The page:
United States District Court, N.D. Illinois, Eastern Division
KENNETH E. SMITH (K-54173), Plaintiff,
WEXFORD HEALTH SOURCES, INC., DR. SALEH OBAISI, and TARRY WILLIAMS, Defendants.
MEMORANDUM OPINION AND ORDER
Smith brought this suit under 42 U.S.C. § 1983 alleging
that Stateville Correctional Center Warden Tarry Williams and
Dr. Saleh Obaisi, Stateville's now-deceased medical
director, were deliberately indifferent to his knee pain, and
also that Dr. Obaisi's employer, Wexford Health Sources,
Inc., had a policy of sacrificing patient care to save money.
Doc. 29. The court granted Defendants' summary judgment
motions, Docs. 98-99 (reported at 2017 WL 5464367 (N.D. Ill.
2017)), and entered judgment, Doc. 100. Pursuant to Federal
Rule of Civil Procedure 54(d)(1) and 28 U.S.C. § 1920,
Defendants together seek some $1, 600 in costs. Docs. 101,
104. Smith argues that he is indigent and therefore should
not be subjected to a cost award. Doc. 108 at 3.
prevailing party “presumptively receives the costs of
litigation and it is the losing party's burden to
overcome this presumption.” Johnson v. Target
Corp., 487 Fed.Appx. 298, 301 (7th Cir. 2012). But
“it is within the discretion of the district court to
consider a plaintiff's indigenc[e] in denying costs under
Rule 54(d).” Rivera v. City of Chicago, 469
F.3d 631, 634 (7th Cir. 2006) (internal quotation marks
omitted). Rivera directs district courts to
undertake a two-step analysis when presented with a claim of
First, the district court must make a threshold factual
finding that the losing party is incapable of paying the
court-imposed costs at this time or in the future. The burden
is on the losing party to provide the district court with
sufficient documentation to support such a finding. This
documentation should include evidence in the form of an
affidavit or other documentary evidence of both income and
assets, as well as a schedule of expenses. Requiring a
non-prevailing party to provide information about both
income/assets and expenses will ensure that district courts
have clear proof of the non-prevailing party's dire
financial circumstances. Moreover, it will limit any
incentive for litigants of modest means to portray themselves
Second, the district court should consider the amount of
costs, the good faith of the losing party, and the closeness
and difficulty of the issues raised by a case when using its
discretion to deny costs. No. one factor is determinative,
but the district court should provide an explanation for its
decision to award or deny costs.
Id. at 635-36 (citations and internal quotation
the first step, Smith is 42 years old and currently
imprisoned at Stateville. See Illinois Department of
Corrections Offender Search for Kenneth Smith, K54173,
(last visited Apr. 17, 2018). He has been incarcerated more
or less continuously since 1997, and his release date is in
2068, ibid., meaning that he is highly unlikely to
have much, if any, of a post-prison life.
court granted Smith leave to proceed in forma
pauperis in June 2015. Doc. 7. For the court's use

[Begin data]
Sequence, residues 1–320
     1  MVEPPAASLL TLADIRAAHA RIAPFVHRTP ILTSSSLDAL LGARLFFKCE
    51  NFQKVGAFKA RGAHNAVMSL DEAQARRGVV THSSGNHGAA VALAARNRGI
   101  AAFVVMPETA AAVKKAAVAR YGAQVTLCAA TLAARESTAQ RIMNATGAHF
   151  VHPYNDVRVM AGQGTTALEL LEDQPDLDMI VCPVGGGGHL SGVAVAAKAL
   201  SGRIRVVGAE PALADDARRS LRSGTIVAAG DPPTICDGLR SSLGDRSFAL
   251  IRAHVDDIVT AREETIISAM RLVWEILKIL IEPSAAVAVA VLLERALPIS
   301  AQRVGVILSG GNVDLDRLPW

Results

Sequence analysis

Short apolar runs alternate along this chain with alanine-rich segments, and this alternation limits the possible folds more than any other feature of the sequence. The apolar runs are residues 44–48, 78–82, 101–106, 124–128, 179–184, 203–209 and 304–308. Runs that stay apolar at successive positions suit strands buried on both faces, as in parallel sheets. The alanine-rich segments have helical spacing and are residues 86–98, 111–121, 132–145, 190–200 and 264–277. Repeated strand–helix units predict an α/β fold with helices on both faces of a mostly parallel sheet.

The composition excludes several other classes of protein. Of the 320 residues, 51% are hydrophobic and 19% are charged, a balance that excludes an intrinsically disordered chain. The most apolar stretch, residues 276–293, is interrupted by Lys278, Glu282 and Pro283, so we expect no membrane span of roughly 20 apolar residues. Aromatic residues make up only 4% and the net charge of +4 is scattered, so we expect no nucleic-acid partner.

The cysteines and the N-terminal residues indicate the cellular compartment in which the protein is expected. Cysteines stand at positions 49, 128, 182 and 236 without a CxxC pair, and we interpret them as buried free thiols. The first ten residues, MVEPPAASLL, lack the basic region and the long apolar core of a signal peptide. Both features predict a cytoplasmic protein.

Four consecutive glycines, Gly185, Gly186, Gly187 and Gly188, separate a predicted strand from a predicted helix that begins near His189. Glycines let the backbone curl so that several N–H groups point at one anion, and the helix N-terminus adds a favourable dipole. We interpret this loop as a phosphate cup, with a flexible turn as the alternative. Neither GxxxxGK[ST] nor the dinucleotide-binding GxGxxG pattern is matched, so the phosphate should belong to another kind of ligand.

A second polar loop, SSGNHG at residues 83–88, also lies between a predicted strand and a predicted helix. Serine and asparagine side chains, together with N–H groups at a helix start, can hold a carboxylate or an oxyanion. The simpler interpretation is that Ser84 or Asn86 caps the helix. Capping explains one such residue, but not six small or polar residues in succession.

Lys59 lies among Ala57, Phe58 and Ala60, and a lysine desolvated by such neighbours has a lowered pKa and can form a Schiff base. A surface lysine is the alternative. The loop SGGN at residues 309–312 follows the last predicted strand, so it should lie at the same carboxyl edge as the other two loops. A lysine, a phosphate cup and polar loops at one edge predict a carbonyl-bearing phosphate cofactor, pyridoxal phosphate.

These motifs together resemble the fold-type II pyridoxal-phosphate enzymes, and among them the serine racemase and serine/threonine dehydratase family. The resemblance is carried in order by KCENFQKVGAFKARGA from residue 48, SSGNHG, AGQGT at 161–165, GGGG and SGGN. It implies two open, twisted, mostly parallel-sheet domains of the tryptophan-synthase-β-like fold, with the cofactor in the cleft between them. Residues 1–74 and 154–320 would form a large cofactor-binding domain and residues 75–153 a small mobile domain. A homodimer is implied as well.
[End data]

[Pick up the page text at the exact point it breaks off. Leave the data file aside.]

in connection with Defendants' requests for costs, Smith
submitted an updated in forma pauperis application.
Docs. 112, 113. The application indicates that Smith receives
$10 per month from Stateville and that his prison trust fund
balance is $8.55. Doc. 113 at 1, 5. Although he lists no
other assets, Smith over the past six months has received
approximately $130 per month from people outside the prison,
which he spends at the commissary. Id. at 6; see
also Doc. 3 at 4 (nearly the same monthly deposits for
an earlier six-month period). Smith has been paying the
filing fee for this suit out of his prison trust fund. Doc.
113 at 6-7.
unfortunate reality is that Smith's income-generating
capabilities are and will continue to be severely limited
while he is imprisoned, and that they are not likely to
materially improve, as Smith is serving out what likely will
turn out to be a life sentence. Smith does receive a modest
amount of money from outside sources, but those sums do not
materially improve his financial situation. Given these
circumstances, Smith has sufficiently established that he is
“incapable of paying the court-imposed costs at this
time or in the future.” Rivera, 469 F.3d at
635 (internal quotation marks omitted); see also Mathis
v. Carter, 2017 WL 2243040 (N.D. Ill. May 23, 2017)
(declining to assess costs against a losing party who was
incarcerated and indigent); Shultz v. Dart, 2016 WL
3227276 (N.D. Ill. June 13, 2016) (same).
the second step of the analysis, while Defendants'
requested costs are by no means astronomical, they still
would pose a substantial hardship to Smith, whose present
income is trivial and who is highly unlikely to have any
post-incarceration income-generating capabilities. It is true
that Smith did not respond to Defendants' summary
judgment motions, despite being given ample opportunity to do
so. Docs. 86, 91, 99. But his case was not frivolous, and his
response to Defendants' bills of costs avers that he
suffers from “psychological disorders that ...